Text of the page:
Last year I raved about Junipalooza London and said the one thing the organisers shouldn’t do is make it any bigger. And lo, this year Gin Foundry promised us “better, not bigger”. Better began before you even stepped through the door, with the promise of an extended Newcomer zone, additional experiential zones and also a digitised show guide to help you plan your visit in advance. And the doors have changed too! Gone is the slightly underwhelming entrance opposite a building site on Pennington Street, and instead people were greeted by the tall ships at Tobacco Dock before passing through the bespoke branded archway.
Inside, the new entrance meant everything was back-to-front compared to previous years, which flummoxed a few of us old-timers, but it did seem to create an increased sense of space (although that could just be because I arrived late!). Technically I think it was also a bit bigger than last year but the additional experiential events, including a free masterclass from Merchant’s Heart, seemed to work well to take the pressure off some of the stands which were generally pretty easy for punters to get to this year. If anything the newcomers corner seemed a little bit too quiet and hidden away but, when I suggested this to the brands, they all reassured me they were very happy with their spot.
I decided to hit those newcomers first and was not disappointed. I was delighted to see ARC Gin, from the Philippines’ first craft distillery Full Circle, and Scotland’s Mackintosh Gin; two gins I already know and admire very much. The other newcomers were also new to me and came from equally far-flung places. It was a pleasure to try India’s Jaisalmer Gin and Singapore’s Brass Lion but it was the other two newcomers which really stood out for me.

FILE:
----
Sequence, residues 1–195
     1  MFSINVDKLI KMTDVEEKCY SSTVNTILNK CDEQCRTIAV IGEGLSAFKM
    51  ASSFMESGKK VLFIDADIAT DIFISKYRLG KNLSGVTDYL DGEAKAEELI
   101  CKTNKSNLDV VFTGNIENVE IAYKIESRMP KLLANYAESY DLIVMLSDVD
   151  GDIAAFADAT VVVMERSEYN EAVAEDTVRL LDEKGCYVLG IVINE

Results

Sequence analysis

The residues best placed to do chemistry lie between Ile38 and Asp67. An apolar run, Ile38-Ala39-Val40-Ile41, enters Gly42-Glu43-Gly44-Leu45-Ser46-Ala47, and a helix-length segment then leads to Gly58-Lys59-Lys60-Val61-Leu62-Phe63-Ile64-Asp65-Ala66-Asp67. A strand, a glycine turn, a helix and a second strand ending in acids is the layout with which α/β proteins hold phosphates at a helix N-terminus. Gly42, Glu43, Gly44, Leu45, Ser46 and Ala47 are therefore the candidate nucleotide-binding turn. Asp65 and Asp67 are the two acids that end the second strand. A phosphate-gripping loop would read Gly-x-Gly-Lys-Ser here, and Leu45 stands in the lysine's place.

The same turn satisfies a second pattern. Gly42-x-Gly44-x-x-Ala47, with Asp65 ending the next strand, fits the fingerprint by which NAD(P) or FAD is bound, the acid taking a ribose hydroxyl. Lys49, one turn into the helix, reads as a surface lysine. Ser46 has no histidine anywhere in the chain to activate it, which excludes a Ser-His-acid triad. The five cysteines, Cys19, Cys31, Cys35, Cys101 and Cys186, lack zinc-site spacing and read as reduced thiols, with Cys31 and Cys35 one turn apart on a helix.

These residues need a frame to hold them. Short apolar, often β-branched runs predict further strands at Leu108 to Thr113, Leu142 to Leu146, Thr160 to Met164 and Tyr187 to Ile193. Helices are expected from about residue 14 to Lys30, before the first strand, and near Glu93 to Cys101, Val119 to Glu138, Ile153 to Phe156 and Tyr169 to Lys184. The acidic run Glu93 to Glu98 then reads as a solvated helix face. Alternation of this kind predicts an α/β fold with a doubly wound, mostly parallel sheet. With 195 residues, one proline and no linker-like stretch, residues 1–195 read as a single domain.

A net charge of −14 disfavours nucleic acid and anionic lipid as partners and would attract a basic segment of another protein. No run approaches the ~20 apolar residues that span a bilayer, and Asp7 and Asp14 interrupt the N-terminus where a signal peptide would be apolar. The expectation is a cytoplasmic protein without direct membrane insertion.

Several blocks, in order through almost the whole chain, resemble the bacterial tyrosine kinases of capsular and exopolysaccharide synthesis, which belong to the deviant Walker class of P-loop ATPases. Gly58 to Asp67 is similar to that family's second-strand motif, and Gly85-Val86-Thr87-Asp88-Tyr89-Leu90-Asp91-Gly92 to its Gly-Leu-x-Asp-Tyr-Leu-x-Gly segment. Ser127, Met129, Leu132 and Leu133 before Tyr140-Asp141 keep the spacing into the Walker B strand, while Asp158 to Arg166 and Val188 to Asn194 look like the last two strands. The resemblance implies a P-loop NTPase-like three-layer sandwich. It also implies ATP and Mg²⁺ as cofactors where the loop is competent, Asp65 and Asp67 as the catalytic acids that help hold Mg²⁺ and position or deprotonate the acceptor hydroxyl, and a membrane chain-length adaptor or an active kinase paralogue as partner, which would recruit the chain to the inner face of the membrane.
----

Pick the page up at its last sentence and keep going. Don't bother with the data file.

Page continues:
Opera Gin, the first to hail from Hungary after a legal wrangle not dissimilar with Sipsmith’s in the UK, impressed me with its passionate people, lovely label – which references the copper pot still and rectifying column in which the gin is produced – and, of course, the quality of their gin. A fairly traditional London Dry, it features Hungarian Juniper, poppy seeds and lavender. What really excited me, though, is their plans for the future which, they told me, include distilling exactly the same ingredients in exactly the same quantities but using different method(s) to produce a very different spirit. Sounds like one for the gin geeks without a doubt!
The other newcomer that really caught my eye was Surrey’s Sandhills Gin (and how could it not in that bright yellow bottle?!). Intriguingly touted as “hybrid distilled”, the heavier and more traditional botanicals, such as juniper and coriander, are distilled in a copper pot whereas the lighter ones, including gorse and honey, are cold-vacuum distilled. Also featuring yuzu, orange and lemon balm, it is an interesting citrus-forward gin with some spicy notes. And having had a sneaky taste from a bottle under the table (that I’ve promised not to write about!) I reckon they are another one worth keeping an eye on.
Another newbie who had a great show, having claimed Junipalooza’s bursary spot, was Downton Distillery (no connection to the TV series, although a gin that does have a link is on its way!). Downton’s Explorer’s Gin is presented in a stunning bottle and the contents more than live up to that first impression. Featuring fifteen botanicals including juniper, coriander seed, citrus peel, lemon verbena, fennel seed, pink pepper, cedar and timur berries, it won a lot of fans on the day and I, for one, can’t wait to get to know it a lot better!